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This Is Not a Burial, It’s a Resurrection


A flood of false progress threatens to erase an entire village in the transcendental drama “This Is Not a Burial, It’s a Resurrection.” Such impending destruction unleashes a widow’s righteous fury on all those plotting to uproot her from the land where she wants to die and be laid to rest. Left with nothing but contempt for God, the misleadingly feeble figure won’t surrender her end-of-life dignity.

“This Is Not a Burial, It’s a Resurrection” is a searing epitaph for Mary Twala, a veteran performer at the peak of her absorbing presence. And it is a radical international breakthrough for Lemohang Jeremiah Mosese, a filmmaker who uses potential philosophical expressions to ask tough questions about the ravaged history of Africa. Set in Lesotho, an independent kingdom landlocked within the South African territory, the film grapples with the ghosts of centuries-old colonialism that are manifested today in the dismissal of native ownership. “This Is Not a Burial” is the second Southern Sotho-language feature from director Mosese, and it made history as the country’s first-ever Oscar entry for Best International Feature Film. 

To narrate this saga of thunderous proportions, Mosese anachronistically introduces an ancient storyteller (Jerry Mofokeng) who plays the lesiba—a stringed-wind instrument. Rather than placing him in the vastness of a rural landscape, he speaks to us from within the confines of a decaying urban setting in the near future. The endangered town, where the government flooded in order to build a dam, is Nasaretha. Though named by the European missionaries who settled there in the 19th century, for the locals it remains known as The Plains of Weeping.

Yet instead of dwelling on the upcoming defeat, the focus of his tale is the elderly woman who raised her fist up to sky in anger and fought back with stringent defiance. That despondent heroine, Mantoa, comes to the screen in the body of the magnificent late South African actress Mary Twala, who passed away last year after the film’s festival premiere. Most recently seen in Beyoncé’s “Black Is King,” Twala, in a nearly silent part, exudes resolve fueled by the sorrow of having lost everyone.

She first goes the legal route and then into grassroots form, as all of her few-but-piercing words aim to instill in those around her the same disgust she feels at the thought of her ancestors’ graves being awash. Through the taleteller, Mosese makes clear she abandoned all trust in a higher power when her son died. Her outspoken rejection of having to leave her homeland to make way for modernity eventually infects others. Even the authority figures, the chief and the priest, question their allegiances.

The director suffuses the piece with an entrancing mysticism, accompanied by a spectral score by Yu Miyashita. Its sharp dissonance resonates as if it were a choir of voices screaming from the afterlife. As Mantoa, Twala is framed small in the wide shots that compose a large percentage of director of photography Pierre de Villiers’ boxy frames. Within each shot, the camera and the labored composition interact (by way of zooms or subtle pans) to maximize their meaning. Saturated colors, the kind so rarely seen in Western cinema these days, pan the mountainous vistas and their open sky with a gorgeous timelessness.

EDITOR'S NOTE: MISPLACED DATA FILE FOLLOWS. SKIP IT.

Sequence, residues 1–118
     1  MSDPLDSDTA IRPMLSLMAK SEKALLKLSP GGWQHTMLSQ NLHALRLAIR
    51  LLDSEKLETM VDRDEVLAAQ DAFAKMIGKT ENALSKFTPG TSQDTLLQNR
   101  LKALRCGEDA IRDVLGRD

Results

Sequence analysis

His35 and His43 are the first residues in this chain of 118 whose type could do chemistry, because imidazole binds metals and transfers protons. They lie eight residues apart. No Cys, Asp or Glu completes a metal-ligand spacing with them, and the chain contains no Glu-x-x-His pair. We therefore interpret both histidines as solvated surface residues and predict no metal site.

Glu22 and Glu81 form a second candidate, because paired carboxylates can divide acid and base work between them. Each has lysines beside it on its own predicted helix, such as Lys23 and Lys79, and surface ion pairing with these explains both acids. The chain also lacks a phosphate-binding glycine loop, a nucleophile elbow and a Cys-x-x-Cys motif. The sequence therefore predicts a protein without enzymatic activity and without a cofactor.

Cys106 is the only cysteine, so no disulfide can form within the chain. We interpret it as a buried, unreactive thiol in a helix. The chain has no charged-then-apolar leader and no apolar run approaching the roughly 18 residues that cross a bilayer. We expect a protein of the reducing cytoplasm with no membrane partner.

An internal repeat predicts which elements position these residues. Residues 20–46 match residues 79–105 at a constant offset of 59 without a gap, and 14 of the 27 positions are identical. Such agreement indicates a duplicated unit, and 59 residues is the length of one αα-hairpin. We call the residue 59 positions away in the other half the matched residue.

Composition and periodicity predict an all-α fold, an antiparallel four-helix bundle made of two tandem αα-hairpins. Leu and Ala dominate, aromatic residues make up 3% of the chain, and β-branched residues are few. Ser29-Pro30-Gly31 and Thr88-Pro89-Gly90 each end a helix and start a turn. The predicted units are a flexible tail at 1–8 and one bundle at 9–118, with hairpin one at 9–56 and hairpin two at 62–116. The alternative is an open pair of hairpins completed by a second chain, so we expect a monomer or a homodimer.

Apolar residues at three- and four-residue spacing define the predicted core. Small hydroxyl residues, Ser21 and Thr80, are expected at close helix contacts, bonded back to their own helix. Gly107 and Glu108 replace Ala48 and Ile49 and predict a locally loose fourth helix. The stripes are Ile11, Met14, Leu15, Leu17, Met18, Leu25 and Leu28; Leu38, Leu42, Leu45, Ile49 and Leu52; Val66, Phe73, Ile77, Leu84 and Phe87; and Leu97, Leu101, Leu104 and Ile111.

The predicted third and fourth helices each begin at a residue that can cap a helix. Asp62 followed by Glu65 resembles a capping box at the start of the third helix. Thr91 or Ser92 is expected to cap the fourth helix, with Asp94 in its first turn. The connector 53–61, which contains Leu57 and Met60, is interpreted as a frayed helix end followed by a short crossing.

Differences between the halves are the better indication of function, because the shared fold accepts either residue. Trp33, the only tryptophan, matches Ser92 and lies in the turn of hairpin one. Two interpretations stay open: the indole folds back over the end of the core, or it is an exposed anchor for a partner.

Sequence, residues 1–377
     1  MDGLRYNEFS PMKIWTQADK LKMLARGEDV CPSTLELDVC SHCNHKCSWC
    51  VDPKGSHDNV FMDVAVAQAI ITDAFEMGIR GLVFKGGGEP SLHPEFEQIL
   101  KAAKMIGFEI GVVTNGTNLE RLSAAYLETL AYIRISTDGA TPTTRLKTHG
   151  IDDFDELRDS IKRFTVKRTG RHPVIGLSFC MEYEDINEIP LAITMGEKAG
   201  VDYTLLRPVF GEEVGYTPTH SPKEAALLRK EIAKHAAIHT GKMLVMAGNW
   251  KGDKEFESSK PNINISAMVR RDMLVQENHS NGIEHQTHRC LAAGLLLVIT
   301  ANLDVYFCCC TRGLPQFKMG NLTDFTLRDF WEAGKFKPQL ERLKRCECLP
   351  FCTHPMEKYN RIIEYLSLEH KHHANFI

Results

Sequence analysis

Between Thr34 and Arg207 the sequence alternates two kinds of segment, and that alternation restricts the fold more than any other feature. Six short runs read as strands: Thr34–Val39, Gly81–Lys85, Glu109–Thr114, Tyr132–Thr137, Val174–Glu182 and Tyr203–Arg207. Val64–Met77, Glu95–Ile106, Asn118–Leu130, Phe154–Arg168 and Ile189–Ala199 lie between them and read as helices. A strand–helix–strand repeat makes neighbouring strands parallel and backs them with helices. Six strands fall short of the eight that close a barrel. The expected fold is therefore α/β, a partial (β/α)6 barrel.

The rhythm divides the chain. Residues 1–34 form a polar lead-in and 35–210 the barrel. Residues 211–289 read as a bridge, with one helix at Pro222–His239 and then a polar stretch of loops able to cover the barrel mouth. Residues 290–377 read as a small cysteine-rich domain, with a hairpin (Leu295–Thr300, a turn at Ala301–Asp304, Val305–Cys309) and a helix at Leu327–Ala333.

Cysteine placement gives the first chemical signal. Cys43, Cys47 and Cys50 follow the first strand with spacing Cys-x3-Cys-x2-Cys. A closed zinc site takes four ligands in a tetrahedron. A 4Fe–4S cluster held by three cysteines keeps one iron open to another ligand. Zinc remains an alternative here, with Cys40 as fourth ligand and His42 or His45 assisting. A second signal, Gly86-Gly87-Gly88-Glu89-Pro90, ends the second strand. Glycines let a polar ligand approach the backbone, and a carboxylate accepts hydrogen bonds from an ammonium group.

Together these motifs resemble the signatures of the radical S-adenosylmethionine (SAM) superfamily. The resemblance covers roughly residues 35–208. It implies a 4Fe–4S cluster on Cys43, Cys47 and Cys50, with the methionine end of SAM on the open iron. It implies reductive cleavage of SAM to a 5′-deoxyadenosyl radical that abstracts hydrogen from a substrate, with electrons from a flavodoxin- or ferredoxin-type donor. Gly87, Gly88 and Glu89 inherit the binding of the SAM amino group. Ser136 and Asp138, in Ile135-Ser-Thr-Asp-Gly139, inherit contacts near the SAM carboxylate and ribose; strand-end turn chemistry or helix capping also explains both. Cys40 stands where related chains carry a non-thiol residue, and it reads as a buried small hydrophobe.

In featuring cultural practices and ceremonies, Mosese doesn’t entertain ethnographic curiosity but presents them as vivid part of the tapestry of the world at hand. This tacit approach to specificity that doesn’t consider the white gaze as part of its cinematic language mirrors that of recent African releases that powerfully navigate storytelling and myth, like the Ivorian “Night of the Kings” and the Sudanese “You Will Die at Twenty,” or Pedro Costa’s recent Cape Verdean-centered “Vitalina Varela” in its treatment of grief and the human reproach of the divine. All of these stories are engrossed by a stark otherworldliness.

In her pursuit of a proper sendoff out of this mortal realm that no longer seems to have room for her, Mantoa does the opposite of getting closer to the Christian deity in her final days. She decolonizes death from the spirituality imposed on her, and in which she no longer finds meaning. It’s radical to hear her denounce how all the pain she endured over her existence was perhaps for nothing.  

But just as nihilism appears to reign, Mosese turns her revelations into something much more powerful than simply giving up. Her meaning is found in the soil where she stands, where her husband built her a house with his own hands so they could make a home. It’s in the memory of the remains underground and in every flower that grows above them. The extraordinary Twala makes us believe; her unwavering conviction becomes an affixed fact in a place where nothing seems immovable any longer.

Her sacrifices, as Mosese projects them in both reality and magical realism, symbolize a rebirth of a people’s self-love and respect for their past, before it was tainted by the values and concerns of outsiders. It means a rekindling of a flame to salvage what makes them authentically themselves even if far away from their physical homeland.

Though on-screen there’s never closer interaction with the adversaries, we know who they are: the forces of neo-colonialism embodied in their fellow countrymen upholding the idea of development. To confront them, Mantoa buries any fear or respect for those institutions that for so long have devalued them (the church, the state), because only that way can their pride resurrect. This horror that her people are going through is not an end, but a new beginning. They have opened their eyes through hers.

Now playing in virtual cinemas.



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